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Review: NORMAN: THE MODERATE RISE AND TRAGIC FALL OF A NEW YORK FIXER (2017)

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Joseph Friar

By Joseph Friar
May 12, 2017 at 11:16 p.m.


 

NORMAN: THE MODERATE RISE AND TRAGIC FALL OF A NEW YORK FIXER (2017)

Richard Gere, Lior Ashkenazi, Michael Sheen, Steve Buscemi, Charlotte Gainsbourg, Dan Stevens, Hank Azaria, Harris Yulin, Josh Charles, Yehuda Almagor, Neta Riskin, Dov Glickman, Tali Sharon

Directed by Joseph Cedar 

Israeli writer-director Joseph Cedar follows up the 2012 Oscar nominated Foreign film, Footnote, with his English language debut feature.  Richard Gere plays the ultimate middleman or “macher” while abandoning his usual dapper looks for a nerdy makeover.  Cringe-worthy at times but always spellbinding, Gere continues his hot streak with another superlative performance that’s backed up by a great cast in unconventional roles.  

Norman Oppenheimer (Richard Gere) continuously roams the streets of New York looking for his next target.  He’s a mover and shaker who thrives on connecting people.  If your kid needs to get into Harvard but his grades aren’t good enough or you need to raise 14-million so your synagogue won’t be forced to relocate, you call Norman.  He’s not rich, for all we know he could be homeless, but he can find people that can help with your dilemma and he does it without charging a cent or asking for something in return.  People like Norman (who is referred to as a generous Jew) seek prestige and status by associating themselves with the powerful.  It makes sense.  The company you keep can give off the impression that you run with the same pack. 

As luck would have it, Norman hits the jackpot when he connects with Micha Eshel (a very good Lior Ashkenazi), an Israeli politician who is in town for a summit.  He stalks Eshel like a predator observing its prey until they “accidently” meet at a high-end clothing store.  A kind gesture by Norman turns into an investment when Eshel becomes the Prime Minister three years later.  He returns to the United States for a meeting with the President and following a ceremony celebrating his visit Eshel publicly acknowledges Norman as a dear old friend.  Suddenly everyone wants to work with Norman but all the notoriety comes with a price.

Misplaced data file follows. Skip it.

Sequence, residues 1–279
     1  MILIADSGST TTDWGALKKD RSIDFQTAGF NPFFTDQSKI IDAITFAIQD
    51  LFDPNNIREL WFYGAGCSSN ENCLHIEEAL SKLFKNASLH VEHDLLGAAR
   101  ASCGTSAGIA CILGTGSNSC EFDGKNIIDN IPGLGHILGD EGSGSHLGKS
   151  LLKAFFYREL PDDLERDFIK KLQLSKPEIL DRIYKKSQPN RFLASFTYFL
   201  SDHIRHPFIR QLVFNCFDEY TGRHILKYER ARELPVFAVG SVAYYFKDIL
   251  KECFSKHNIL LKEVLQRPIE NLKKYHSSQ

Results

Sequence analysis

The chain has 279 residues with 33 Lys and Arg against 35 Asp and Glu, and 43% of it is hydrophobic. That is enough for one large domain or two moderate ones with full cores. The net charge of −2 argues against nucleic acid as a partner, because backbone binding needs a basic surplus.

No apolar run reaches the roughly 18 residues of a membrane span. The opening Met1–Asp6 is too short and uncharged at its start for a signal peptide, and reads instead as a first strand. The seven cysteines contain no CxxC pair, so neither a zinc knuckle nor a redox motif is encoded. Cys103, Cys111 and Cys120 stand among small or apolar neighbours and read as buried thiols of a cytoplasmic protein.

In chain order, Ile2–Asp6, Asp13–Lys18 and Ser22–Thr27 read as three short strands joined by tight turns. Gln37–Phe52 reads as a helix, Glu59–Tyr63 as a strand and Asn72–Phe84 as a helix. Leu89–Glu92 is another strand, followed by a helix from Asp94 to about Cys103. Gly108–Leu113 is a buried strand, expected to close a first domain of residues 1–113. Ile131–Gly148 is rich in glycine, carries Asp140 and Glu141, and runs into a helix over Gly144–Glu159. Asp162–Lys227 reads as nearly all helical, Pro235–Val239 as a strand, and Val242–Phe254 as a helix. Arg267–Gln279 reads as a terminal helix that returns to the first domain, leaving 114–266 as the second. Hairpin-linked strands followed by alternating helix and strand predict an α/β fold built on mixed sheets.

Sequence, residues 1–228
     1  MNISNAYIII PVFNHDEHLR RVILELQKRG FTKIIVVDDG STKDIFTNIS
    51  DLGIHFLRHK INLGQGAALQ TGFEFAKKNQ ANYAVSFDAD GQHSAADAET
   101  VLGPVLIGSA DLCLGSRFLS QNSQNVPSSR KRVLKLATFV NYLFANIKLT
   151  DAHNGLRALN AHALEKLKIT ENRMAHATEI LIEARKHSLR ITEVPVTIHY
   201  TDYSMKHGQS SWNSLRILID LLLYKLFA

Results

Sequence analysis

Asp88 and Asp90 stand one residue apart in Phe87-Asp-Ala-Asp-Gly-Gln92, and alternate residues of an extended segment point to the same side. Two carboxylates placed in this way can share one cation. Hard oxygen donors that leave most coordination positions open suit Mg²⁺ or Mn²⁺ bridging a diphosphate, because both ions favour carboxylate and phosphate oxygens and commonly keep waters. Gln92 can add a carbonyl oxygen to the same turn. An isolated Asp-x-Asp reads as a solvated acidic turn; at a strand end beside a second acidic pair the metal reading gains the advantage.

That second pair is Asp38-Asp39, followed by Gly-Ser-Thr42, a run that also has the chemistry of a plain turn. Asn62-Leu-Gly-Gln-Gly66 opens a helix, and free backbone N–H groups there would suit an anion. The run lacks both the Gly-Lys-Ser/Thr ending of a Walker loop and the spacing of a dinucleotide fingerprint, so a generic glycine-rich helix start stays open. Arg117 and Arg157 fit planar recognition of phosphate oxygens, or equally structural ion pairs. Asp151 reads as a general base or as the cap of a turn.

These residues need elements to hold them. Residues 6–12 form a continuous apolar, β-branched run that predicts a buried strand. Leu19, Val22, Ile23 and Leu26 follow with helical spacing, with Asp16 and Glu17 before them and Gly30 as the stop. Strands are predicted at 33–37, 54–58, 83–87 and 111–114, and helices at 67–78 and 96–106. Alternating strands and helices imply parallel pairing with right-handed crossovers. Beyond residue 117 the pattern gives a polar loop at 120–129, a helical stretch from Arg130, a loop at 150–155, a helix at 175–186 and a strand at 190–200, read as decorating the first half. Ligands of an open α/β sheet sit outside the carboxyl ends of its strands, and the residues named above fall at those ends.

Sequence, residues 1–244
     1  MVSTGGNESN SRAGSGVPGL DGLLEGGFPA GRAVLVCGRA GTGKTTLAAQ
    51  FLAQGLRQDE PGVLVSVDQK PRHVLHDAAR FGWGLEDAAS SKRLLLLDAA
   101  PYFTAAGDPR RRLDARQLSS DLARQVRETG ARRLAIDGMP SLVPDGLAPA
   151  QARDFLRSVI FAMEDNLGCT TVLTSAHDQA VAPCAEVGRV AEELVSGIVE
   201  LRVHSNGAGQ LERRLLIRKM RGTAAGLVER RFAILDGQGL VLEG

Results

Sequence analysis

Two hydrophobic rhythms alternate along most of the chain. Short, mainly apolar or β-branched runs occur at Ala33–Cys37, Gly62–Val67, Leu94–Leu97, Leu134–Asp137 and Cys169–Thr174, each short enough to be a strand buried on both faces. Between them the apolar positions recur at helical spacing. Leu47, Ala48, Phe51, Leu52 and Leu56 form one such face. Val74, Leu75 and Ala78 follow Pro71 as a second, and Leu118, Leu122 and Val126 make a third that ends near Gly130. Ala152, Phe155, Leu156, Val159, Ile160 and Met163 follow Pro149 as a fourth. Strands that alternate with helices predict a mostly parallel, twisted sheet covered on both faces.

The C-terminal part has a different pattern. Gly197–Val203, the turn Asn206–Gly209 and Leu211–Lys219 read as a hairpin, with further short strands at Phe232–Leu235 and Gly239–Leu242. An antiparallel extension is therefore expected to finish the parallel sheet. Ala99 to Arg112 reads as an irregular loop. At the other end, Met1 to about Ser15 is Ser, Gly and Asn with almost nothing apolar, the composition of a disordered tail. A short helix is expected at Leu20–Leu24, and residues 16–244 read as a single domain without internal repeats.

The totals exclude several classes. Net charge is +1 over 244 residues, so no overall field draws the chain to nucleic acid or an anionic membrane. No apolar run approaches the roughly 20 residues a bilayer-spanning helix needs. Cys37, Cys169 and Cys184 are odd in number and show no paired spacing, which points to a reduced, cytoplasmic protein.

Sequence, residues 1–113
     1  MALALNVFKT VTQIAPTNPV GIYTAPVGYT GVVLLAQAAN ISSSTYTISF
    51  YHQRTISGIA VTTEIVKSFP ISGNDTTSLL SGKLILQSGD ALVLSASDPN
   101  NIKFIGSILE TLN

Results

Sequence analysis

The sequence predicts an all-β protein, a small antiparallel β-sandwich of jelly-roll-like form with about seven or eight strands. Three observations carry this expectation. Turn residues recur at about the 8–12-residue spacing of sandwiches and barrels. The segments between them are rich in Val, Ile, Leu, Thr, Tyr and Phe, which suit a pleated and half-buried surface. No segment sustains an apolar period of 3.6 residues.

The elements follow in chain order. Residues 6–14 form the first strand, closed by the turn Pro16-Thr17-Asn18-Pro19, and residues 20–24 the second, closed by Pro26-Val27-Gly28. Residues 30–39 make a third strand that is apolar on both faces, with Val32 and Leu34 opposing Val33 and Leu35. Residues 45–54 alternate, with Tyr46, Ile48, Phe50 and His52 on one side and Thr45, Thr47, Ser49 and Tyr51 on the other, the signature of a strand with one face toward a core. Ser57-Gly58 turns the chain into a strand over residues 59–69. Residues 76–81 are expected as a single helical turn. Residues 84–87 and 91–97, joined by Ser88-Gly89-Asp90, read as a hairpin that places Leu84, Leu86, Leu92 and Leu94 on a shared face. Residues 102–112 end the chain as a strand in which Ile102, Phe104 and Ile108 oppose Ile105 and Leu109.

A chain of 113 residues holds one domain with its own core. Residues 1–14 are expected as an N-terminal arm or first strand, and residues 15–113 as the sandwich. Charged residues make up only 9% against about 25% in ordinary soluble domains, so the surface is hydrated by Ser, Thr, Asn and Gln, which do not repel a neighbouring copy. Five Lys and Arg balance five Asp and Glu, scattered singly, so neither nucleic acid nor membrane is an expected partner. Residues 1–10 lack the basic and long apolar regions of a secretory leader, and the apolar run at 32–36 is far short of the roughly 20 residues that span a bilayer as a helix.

The supporting cast features a great set of actors in atypical roles.  Steve Buscemi plays a rabbi, Charlotte Gainsbourg a government official, and Michael Sheen as Norman’s lawyer nephew.  All of them experience awkward moments with Norman as Cedar keeps the audience engrossed and a bit uncomfortable.  We like Norman and want him to succeed but he’s comparable to that one family member that doesn’t realize he’s embarrassing himself and those around him.  

Gere delivers a knockout performance as the ambitious fixer, a role that is opposite his excellent portrayal of a politician in “The Dinner” which is also currently in theaters.  Lior Ashkenazi as the Israeli Prime Minister emanates the charm usually equated with Gere in a performance that is touching and on par with Gere.  The two are a dynamite combination. 

(3 ½ stars) 

Now playing in Houston at the River Oaks Theater and Cinemark at Market Street.  Also opening in Austin this week at the Violet Crown Cinema.

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